Facebook and other social media platforms aside, we might not get a glimpse of the other 166 hours in our vet’s week and how those are filled … whether emotions run high or low or whether there’s time for exercise or an unrushed meal shared with family. But we know horses live their lives 24/7, in sickness and in health, so it’s safe to assume vets’ hours likely reflect those around-the-clock ups and downs.

Every individual manages pressures stemming from work, family, finances, personal interactions, and countless other sources. Veterinarians attest that the stresses they face can make the vocation rewarding yet harrowing. The simple fact they bear witness daily to the powerful bond between human and horse dictates that.

Several equine practitioners and members of the veterinary community have weighed in on these stresses, their causes, and the ways they and the profession are managing them.

How the AAEP Past President Strikes Work-Life Balance

Dr. Margo Macpherson calls herself “a bona fide stress monster,” but has found success in striking a work-life balance by strategically planning out her days. Read about how she does it here:

CREDIT: Courtesy Dr. Margo Macpherson

Dr. Amy Grice

Dr. Amy Grice

Amy Grice, VMD, MBA, is a 25-year veteran of equine practice who now consults with and advises veterinarians, practice owners, and industry partners on a wide variety of projects and challenges from her base in Virginia City, Montana.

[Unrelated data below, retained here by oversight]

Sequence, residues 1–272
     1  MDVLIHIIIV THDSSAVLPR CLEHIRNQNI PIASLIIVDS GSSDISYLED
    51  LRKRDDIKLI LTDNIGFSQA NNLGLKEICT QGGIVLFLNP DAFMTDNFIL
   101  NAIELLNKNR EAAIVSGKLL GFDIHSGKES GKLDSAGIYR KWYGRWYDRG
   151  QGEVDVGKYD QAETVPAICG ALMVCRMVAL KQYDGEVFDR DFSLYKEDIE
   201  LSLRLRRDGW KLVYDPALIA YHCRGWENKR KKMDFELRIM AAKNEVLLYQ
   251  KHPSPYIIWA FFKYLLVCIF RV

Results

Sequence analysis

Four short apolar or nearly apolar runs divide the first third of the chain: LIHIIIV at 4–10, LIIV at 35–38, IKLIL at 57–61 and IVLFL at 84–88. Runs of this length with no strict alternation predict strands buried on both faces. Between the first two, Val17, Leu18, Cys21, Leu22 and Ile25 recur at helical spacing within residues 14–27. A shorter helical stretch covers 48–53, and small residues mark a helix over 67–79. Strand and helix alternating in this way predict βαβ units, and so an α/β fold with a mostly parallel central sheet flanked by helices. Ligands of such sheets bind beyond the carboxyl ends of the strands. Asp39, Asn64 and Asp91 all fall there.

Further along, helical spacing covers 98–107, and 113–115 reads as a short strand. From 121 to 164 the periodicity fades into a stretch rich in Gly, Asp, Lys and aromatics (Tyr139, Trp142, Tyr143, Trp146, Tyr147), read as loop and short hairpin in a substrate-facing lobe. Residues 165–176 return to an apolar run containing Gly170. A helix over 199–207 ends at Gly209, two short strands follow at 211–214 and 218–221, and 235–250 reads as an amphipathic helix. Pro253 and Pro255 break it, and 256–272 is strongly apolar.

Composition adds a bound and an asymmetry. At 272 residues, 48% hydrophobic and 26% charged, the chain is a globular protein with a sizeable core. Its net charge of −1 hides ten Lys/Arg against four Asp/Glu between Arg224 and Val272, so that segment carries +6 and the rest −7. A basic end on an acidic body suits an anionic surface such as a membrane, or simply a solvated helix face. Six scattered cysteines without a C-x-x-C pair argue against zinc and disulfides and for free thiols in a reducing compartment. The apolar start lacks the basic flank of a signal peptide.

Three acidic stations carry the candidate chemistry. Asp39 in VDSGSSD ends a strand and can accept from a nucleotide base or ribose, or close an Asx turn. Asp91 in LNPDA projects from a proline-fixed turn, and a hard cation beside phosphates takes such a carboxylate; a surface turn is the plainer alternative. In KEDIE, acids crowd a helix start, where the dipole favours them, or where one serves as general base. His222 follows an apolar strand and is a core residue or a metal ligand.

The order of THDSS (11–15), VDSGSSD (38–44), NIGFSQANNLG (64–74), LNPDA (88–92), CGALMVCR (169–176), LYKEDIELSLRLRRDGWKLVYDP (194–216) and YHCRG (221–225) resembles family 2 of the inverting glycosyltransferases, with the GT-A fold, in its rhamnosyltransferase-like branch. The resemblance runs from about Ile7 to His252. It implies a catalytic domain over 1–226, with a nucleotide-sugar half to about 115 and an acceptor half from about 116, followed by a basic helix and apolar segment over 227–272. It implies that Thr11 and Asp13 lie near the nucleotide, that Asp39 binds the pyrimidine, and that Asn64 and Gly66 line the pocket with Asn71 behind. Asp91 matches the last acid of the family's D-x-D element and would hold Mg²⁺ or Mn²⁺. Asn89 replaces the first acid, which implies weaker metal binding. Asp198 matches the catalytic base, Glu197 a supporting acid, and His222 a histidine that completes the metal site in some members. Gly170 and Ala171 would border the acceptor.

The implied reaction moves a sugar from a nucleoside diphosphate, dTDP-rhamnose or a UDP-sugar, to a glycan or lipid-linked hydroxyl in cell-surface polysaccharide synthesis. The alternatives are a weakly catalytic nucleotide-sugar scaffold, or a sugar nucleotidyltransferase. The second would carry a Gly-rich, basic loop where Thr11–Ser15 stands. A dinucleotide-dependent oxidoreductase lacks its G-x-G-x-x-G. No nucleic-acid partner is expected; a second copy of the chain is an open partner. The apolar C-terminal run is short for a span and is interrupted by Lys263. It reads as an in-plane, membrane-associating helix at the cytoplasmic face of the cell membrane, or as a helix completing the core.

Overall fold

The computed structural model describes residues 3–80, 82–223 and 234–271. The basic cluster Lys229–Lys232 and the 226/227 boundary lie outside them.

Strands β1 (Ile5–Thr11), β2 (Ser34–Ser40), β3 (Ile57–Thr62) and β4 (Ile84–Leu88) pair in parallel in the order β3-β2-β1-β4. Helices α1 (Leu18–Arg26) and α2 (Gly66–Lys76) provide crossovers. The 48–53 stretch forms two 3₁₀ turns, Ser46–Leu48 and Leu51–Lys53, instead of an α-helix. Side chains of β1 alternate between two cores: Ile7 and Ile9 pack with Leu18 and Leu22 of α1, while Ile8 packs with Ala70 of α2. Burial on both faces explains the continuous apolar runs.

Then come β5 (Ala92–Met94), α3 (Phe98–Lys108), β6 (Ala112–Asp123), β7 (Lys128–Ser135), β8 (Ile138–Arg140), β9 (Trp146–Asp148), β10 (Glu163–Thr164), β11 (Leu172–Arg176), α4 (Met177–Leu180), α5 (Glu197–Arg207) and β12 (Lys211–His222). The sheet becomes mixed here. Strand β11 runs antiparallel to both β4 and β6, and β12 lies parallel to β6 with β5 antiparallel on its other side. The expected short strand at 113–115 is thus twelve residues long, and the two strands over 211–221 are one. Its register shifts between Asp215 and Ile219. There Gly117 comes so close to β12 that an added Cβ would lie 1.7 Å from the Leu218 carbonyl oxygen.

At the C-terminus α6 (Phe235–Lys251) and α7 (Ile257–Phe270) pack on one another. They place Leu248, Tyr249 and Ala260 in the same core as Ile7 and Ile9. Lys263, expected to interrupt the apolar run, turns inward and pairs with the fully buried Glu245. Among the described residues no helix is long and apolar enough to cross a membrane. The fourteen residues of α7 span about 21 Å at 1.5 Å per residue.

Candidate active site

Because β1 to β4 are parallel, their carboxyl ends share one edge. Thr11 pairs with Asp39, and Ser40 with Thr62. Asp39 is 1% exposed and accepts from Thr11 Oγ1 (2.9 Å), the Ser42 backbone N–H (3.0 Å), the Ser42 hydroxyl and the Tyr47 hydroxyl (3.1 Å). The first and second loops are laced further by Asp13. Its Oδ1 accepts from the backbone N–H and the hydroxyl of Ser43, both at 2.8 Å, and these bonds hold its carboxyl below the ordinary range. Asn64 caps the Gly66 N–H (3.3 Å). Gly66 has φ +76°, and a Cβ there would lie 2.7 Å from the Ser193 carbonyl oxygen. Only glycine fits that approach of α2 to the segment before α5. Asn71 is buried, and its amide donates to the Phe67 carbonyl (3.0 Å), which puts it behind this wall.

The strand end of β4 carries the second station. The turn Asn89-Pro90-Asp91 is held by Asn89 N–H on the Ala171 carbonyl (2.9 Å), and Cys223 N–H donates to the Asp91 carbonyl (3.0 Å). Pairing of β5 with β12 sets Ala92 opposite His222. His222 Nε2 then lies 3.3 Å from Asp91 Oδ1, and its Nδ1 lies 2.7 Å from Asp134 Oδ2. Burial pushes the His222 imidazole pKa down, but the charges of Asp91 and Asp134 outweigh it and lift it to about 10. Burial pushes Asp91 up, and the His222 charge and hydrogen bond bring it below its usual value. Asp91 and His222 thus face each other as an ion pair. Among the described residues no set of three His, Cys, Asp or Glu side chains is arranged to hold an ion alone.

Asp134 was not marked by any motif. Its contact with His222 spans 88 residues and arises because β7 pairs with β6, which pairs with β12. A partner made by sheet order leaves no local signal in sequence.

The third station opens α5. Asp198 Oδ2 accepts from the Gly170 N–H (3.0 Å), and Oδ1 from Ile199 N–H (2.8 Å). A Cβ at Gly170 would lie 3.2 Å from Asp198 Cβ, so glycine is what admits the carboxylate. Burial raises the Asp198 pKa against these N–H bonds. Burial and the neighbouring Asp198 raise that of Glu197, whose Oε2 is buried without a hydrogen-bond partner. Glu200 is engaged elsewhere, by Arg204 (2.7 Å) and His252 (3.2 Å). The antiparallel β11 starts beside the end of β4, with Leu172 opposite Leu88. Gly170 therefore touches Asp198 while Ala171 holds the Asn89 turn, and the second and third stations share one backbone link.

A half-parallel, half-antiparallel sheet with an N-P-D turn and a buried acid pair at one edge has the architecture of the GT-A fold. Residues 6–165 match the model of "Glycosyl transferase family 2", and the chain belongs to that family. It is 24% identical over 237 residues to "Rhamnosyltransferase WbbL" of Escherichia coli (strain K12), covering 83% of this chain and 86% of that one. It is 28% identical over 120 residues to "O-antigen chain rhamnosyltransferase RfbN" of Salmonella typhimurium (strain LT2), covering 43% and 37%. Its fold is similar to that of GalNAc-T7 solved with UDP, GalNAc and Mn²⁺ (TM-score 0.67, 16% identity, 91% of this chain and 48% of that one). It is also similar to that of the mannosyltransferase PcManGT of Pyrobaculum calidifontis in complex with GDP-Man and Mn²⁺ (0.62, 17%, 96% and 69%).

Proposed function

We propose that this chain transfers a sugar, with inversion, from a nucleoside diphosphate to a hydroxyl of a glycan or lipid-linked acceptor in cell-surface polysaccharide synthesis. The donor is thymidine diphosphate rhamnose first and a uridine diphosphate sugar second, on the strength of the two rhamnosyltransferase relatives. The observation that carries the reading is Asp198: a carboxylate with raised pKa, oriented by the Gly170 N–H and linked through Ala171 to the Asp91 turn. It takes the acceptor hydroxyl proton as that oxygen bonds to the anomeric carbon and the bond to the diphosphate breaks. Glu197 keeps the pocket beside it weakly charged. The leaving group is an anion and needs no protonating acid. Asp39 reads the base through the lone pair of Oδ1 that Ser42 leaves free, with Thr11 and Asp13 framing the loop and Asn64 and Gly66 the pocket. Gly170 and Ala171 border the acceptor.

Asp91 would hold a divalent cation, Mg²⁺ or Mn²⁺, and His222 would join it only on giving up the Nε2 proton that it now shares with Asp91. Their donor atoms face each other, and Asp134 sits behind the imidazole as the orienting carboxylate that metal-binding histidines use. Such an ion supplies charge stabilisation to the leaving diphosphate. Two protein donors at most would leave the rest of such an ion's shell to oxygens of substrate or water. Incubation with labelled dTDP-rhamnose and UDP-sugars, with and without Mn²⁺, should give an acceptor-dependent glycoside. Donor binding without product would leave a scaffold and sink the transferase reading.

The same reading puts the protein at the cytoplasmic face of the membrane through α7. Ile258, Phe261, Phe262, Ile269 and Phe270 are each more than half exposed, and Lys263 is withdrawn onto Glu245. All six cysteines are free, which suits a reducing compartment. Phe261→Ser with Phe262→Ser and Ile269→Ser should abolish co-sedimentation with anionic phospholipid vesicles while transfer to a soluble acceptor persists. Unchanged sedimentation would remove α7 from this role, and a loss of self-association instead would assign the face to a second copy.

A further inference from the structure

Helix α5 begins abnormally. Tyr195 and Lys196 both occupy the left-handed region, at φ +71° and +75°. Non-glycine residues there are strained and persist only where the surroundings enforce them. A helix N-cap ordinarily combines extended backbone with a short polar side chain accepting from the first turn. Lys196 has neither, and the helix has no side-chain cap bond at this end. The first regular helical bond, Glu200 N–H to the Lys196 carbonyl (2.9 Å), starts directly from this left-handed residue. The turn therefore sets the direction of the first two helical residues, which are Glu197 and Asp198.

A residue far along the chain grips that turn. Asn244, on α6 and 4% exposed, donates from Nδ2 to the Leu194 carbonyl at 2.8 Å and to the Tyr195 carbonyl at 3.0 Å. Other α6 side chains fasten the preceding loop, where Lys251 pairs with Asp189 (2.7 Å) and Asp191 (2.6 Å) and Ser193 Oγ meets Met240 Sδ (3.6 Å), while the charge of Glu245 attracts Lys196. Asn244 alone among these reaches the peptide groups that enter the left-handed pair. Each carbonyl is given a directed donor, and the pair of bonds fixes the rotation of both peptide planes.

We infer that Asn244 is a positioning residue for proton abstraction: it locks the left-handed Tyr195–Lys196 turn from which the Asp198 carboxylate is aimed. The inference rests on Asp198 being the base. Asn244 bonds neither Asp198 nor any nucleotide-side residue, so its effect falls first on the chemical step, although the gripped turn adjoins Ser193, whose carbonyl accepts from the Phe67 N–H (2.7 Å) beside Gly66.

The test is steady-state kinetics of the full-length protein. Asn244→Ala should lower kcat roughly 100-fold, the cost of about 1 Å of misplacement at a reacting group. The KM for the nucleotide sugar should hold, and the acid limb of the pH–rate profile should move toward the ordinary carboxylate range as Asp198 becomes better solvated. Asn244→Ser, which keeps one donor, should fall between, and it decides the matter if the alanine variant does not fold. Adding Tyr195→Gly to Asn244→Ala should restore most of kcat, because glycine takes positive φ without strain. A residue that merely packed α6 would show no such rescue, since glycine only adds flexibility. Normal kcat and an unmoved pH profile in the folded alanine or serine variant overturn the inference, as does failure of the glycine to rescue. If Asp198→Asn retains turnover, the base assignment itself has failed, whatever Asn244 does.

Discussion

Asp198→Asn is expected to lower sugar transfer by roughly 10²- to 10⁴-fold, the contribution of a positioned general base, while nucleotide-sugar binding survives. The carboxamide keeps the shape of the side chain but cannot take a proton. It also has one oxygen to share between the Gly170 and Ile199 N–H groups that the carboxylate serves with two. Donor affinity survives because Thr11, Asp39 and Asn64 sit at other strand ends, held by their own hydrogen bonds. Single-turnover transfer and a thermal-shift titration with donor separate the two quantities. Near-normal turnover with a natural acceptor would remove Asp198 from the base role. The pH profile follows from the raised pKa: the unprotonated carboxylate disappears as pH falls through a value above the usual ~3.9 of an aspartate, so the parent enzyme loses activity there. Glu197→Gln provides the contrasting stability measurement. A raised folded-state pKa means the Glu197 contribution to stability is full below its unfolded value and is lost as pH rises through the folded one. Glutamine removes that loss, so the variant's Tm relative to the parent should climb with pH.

Charlotte Hansen

Charlotte Hansen

Charlotte Hansen, MS, is an equine economist at the American Veterinary Medical Association, in Schaumburg, Illinois.

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Balancing Work & Life

Pressures hit the newly minted veterinarian early, says Dr. Amy Grice, who, after 25 years of equine practice, consults with veterinarians on business from her base in Virginia City, Montana. “I certainly think that student debt load is definitely at the top of the list of stressors, but another stressor for those younger veterinarians is simply learning to balance their desire to be accepted by clients as a new veterinarian, a new associate in the practice, while remaining able to have appropriate boundaries.